These tests are carried out to ensure there are no shorts and opens on the circuit boards. There is two types of machines with differents advantages: the "flying probe" and the "bed of nails".
The GERBER file is read by the machine, the operator place the boards in panel or alone. Then the 4, 6 or 8 heads, distributed on each side, start their job: send electrical charge to the circuitry while, each contact pads will be touch continously to make sure there is no open or short circuit. In this case, an operator will intervene to solve the problem.
The tooling is cost effective, it is most common to use it for prototyping & small series. It is also suitable for HDI PCB but the principal contraints is to change each time the circuit boards manually, which extends a lot cycle operation.
The universal grid test also know as Bed-of-Nails required a test fixture. The tests fixture is designed base on the GERBER file, so it's different for each PCB. The operator must put numerous pins of various size to cover all the testing area. The preparation is extremely expensive and tedious! The holes are aligned to the test points of the PCB and all the test points are checked at the same time, which makes this very fast and reliable.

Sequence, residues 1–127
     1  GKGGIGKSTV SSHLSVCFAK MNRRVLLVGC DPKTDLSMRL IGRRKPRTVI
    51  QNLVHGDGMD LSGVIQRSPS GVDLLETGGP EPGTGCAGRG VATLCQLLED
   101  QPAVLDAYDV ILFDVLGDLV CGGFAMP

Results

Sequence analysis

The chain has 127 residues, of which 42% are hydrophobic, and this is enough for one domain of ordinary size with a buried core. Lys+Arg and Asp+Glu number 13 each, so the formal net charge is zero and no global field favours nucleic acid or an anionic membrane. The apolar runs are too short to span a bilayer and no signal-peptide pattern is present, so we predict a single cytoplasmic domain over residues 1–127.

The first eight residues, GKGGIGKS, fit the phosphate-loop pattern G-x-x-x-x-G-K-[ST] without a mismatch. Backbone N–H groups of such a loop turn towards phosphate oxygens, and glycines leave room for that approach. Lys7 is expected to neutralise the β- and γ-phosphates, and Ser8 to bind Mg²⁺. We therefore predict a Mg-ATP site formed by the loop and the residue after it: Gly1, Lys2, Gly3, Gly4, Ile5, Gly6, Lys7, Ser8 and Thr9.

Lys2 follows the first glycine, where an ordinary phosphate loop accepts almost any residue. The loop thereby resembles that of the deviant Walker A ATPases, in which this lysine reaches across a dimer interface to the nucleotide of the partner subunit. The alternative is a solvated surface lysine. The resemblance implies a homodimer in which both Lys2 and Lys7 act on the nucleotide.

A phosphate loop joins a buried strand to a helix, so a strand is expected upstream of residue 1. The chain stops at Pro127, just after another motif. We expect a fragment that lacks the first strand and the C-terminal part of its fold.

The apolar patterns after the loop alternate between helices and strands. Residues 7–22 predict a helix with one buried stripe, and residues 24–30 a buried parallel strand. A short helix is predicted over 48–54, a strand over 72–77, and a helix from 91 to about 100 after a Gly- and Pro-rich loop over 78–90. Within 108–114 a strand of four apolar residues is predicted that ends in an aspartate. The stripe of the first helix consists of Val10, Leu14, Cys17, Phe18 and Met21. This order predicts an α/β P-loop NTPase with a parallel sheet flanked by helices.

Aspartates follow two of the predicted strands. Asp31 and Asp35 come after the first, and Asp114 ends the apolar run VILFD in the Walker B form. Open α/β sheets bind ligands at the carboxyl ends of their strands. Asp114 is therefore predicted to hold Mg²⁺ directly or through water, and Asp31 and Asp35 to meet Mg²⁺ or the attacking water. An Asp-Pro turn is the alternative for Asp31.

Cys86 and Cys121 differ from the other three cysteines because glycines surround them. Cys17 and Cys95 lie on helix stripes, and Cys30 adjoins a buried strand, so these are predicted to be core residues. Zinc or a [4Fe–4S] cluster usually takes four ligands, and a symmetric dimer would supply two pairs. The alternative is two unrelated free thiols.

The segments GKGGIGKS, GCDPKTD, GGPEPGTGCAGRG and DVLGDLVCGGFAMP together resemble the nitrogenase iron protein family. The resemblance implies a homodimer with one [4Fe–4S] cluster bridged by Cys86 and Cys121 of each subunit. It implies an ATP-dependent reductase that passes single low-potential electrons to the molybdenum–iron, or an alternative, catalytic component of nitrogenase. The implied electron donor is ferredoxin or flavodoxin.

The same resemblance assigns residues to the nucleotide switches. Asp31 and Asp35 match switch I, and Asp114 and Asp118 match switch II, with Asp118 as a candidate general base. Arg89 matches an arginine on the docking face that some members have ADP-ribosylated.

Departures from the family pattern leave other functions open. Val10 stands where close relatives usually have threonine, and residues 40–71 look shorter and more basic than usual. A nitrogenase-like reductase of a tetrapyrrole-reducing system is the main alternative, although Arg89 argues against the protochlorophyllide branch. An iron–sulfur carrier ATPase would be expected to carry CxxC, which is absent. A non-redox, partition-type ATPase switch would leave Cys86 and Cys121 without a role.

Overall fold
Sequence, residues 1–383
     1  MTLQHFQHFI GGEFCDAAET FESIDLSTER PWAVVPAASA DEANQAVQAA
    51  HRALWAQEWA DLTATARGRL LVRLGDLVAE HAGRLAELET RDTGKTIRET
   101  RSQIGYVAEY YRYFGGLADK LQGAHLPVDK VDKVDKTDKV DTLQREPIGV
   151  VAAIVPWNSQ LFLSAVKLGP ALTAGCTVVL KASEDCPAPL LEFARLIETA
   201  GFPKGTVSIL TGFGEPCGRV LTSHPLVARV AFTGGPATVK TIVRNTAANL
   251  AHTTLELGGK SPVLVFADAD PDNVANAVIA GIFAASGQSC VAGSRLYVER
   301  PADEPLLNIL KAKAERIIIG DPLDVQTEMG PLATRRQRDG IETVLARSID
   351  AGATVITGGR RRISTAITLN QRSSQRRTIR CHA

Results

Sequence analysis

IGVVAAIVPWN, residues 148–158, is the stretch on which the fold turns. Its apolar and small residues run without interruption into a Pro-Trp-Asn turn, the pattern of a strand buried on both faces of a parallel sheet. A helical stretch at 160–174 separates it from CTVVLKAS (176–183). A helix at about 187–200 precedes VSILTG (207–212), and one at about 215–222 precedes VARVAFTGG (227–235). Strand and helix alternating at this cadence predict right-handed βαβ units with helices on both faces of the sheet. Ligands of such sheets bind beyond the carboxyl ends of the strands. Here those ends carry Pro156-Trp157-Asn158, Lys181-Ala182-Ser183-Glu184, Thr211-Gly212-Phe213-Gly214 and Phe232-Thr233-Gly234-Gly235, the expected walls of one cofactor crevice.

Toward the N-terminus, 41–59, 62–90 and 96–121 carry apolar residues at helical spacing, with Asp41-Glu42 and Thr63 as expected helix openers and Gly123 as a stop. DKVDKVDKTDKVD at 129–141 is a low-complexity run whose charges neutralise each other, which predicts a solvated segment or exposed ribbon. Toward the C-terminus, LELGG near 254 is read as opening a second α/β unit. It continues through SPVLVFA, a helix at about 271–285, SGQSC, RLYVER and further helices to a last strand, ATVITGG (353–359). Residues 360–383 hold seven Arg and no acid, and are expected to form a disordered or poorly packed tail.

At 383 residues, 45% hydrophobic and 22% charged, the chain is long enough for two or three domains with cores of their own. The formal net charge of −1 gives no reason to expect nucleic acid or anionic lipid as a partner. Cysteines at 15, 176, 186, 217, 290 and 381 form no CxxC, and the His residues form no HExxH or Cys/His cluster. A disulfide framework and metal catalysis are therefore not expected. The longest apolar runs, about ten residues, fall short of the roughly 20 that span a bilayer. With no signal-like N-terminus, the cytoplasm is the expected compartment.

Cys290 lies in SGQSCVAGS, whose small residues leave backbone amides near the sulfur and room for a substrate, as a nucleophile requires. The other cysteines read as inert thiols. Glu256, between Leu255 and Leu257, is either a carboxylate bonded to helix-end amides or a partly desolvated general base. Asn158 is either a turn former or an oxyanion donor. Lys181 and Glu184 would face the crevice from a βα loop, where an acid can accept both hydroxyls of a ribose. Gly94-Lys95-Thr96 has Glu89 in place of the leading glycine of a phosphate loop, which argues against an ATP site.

As for the Flying Probe, the Bed-Of-Nails got its pros and cons, This electrical test is perfect for the mass production for its processing speed between each PCB. Nevertheless, the expensive tooling, the tedious preparation and the density limits should be taken into account.
So now that the electrical test is complete, we are sure that the circuitry is corrrect. Coming up next is the final inspection.